1961 Chrysler Convertible Chrysler 300 Series.
1 of only 337 Convertibles
Power for the 300G was derived from the 375 horsepower 413 cubic inch V8 with a cross-ram intake that propelled the 300G from 0-60 mph in only eight seconds. Only 337 300G convertibles were built for 1961 and of those only 124 are accounted for today.
413 CI Wedge engine
Three-speed Torqueflite automatic transmission
Rebuilt engine and transmission
Two 4-Barrel carburetors
Bucket leather seats in the rear
Power convertible top
Dome style instrument panel
Push button automatic transmission
Coil spring independent front suspension
Live rear axle
4-wheel hydraulic drum brakes
History of Chrysler 300 letter series
The Chrysler 300 “letter series” were high-performance luxury cars built in very limited numbers by the Chrysler Corporation in the United States between 1955 and 1965. Each year’s model used a new letter of the alphabet as a suffix (skipping “i”), reaching 300L by 1965, after which the model was dropped.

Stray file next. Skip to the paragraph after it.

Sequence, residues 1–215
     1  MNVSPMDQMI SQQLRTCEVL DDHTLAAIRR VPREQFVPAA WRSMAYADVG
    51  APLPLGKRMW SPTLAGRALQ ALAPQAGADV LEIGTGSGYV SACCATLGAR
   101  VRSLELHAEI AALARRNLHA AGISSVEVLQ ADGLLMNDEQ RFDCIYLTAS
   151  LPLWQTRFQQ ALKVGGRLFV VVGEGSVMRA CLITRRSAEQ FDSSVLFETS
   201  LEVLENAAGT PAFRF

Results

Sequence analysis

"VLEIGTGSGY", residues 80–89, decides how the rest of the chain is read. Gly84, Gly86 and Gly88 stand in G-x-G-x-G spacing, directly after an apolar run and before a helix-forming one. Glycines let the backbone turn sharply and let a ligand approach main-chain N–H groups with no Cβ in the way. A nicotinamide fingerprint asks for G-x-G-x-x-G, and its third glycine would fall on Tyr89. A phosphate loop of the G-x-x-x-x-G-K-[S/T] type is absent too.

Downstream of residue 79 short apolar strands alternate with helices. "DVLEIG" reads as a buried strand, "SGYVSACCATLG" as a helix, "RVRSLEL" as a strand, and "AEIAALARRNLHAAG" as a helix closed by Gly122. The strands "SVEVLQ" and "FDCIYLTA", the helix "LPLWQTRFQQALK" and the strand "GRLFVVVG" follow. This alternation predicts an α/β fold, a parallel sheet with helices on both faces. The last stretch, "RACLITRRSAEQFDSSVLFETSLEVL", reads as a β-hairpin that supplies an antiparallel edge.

The 300 “letter series” cars were the vehicles that really rekindled interest in performance among major American manufacturers after World War II, and thus can be considered the muscle car’s ancestors, though much more expensive and exclusive.
The 1961 300G saw another restyle. The grille, formerly wider at the bottom than the top, was inverted; the quad headlights, formerly side-by-side, were arranged in an angled fashion, inward at the bottom, in a manner reminiscent of 1958 to 1960 Lincolns. Small parking lamps below the headlights were likewise slanted and V-shaped, and the front bumper was canted up at each end, scoop-like. At the rear, the taillights were moved from the fins to the tail below them, and the fins were made sharper-pointed.
Mechanically, the cross-ram “short ram” and “long ram” engines remained the same, although the expensive French manual transmission was dropped, replaced.